The common cold affects millions of people throughout the United States each year and is much more prevalent during the winter and spring seasons.
Colds typically cause a variety of symptoms that includes a sore throat, a runny nose, coughing, and sneezing, with some cases also causing headaches and body aches.
Many people also catch the common cold multiple times a year. Adults may have one up to three times each year on average. For children, this number is variable, but could be as high as 12 cases per year for babies and toddlers.
A common cold typically lasts between seven and 10 days and can be divided into three stages with varying symptoms.
During the early stage of a cold (often the first one to three days), you may experience a sore throat as the first symptom; this can occur as early as the first day of infection. This may be quickly followed by the onset of other typical cold symptoms.
In the peak stage of a cold, your symptoms may reach their maximum intensity, resulting in effects such as a constant runny nose, a worsened cough, or consistent aches throughout your body. In some cases, this may also lead to a fever.
The late stage of a cold takes place within the last one to three days. During this phase, the severity of your symptoms should decrease as you experience less nasal congestion and aching. While coughing may also decrease for most people, it can potentially last as long as two weeks after your initial infection.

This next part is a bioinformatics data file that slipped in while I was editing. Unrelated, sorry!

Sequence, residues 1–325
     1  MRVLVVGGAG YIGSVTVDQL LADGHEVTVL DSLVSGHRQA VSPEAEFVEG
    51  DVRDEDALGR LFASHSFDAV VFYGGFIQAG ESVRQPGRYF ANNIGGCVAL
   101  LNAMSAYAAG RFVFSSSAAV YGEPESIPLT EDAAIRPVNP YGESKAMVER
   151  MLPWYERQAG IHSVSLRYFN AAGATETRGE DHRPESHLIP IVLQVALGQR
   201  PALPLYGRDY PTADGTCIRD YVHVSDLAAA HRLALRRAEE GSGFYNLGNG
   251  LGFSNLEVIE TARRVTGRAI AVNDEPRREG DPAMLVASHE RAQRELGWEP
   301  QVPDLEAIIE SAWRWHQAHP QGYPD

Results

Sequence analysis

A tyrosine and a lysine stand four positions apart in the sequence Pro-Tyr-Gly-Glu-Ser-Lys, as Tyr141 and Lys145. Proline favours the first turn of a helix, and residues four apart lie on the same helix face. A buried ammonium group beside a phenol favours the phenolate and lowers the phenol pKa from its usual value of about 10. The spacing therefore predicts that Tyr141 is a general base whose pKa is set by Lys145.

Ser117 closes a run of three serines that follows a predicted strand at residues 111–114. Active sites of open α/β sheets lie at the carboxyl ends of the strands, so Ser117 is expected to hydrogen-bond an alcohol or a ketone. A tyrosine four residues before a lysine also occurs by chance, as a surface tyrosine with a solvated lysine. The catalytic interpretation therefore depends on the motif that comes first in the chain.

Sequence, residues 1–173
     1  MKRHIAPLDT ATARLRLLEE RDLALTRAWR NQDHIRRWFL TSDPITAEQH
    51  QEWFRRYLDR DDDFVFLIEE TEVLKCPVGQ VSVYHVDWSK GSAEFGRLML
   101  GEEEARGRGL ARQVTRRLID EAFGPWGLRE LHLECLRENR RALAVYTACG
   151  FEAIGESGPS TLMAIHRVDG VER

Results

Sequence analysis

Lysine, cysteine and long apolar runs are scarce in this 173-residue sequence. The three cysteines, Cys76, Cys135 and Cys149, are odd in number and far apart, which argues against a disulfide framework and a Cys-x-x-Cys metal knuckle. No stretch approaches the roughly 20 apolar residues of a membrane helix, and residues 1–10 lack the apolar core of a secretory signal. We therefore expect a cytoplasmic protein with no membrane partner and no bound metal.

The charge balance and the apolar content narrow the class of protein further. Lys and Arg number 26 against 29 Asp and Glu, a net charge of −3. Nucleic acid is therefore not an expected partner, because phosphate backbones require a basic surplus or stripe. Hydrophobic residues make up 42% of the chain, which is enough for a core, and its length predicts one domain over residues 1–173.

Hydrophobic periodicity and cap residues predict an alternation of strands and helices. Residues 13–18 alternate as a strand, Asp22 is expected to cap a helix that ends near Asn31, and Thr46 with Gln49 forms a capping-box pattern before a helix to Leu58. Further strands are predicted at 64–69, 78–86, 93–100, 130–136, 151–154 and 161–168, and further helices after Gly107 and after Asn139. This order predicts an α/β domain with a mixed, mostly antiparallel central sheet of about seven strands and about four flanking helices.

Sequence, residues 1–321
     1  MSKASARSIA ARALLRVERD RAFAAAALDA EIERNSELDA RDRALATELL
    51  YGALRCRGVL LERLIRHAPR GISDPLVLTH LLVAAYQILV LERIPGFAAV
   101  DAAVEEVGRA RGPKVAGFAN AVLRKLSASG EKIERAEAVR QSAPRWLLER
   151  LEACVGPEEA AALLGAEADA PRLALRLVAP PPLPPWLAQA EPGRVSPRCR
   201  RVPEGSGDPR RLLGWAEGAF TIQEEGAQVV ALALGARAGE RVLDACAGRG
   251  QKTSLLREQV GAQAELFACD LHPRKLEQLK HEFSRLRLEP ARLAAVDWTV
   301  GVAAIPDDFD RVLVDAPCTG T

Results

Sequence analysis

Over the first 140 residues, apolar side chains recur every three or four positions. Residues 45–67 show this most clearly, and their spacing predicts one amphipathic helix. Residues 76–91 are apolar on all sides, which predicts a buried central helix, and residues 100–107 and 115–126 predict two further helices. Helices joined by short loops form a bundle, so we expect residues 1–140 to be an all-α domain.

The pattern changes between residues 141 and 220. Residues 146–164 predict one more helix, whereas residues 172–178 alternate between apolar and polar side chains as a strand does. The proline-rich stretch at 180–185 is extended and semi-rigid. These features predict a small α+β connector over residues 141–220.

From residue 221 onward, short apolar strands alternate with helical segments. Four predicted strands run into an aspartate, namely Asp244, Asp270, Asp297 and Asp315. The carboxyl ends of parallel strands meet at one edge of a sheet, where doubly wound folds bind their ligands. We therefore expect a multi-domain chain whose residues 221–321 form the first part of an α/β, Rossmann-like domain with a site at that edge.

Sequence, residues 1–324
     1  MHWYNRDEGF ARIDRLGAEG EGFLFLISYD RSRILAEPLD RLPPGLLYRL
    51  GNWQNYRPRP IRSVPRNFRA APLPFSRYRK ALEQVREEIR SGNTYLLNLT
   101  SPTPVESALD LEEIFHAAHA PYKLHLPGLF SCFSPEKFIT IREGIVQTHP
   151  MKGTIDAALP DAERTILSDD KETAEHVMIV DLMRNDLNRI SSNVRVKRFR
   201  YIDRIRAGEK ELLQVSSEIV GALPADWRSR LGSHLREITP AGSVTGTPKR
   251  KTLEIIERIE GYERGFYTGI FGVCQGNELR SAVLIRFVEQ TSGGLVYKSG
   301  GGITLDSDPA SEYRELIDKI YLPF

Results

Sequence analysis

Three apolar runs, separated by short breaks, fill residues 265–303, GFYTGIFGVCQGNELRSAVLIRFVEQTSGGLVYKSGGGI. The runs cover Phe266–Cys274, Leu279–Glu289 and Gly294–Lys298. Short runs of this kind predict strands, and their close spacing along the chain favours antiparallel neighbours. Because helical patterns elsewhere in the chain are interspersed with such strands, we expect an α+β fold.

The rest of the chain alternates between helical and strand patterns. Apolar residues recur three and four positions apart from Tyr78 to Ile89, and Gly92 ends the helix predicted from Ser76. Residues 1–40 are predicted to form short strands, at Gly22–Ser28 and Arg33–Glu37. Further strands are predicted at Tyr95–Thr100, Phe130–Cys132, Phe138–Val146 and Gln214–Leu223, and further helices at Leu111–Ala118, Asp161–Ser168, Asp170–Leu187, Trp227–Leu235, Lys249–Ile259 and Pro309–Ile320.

If your symptoms last longer than average, remain intense for an extended period of time, or lead to additional symptoms such as a fever, you should visit a doctor at Jamaica Hospital Medical Center’s Ambulatory Care Center. To schedule an appointment, please call (718) 206-7001.
All content of this newsletter is intended for general information purposes only and is not intended or implied to be a substitute for professional medical advice, diagnosis or treatment. Please consult a medical professional before adopting any of the suggestions on this page. You must never disregard professional medical advice or delay seeking medical treatment based upon any content of this newsletter. PROMPTLY CONSULT YOUR PHYSICIAN OR CALL 911 IF YOU BELIEVE YOU HAVE A MEDICAL EMERGENCY.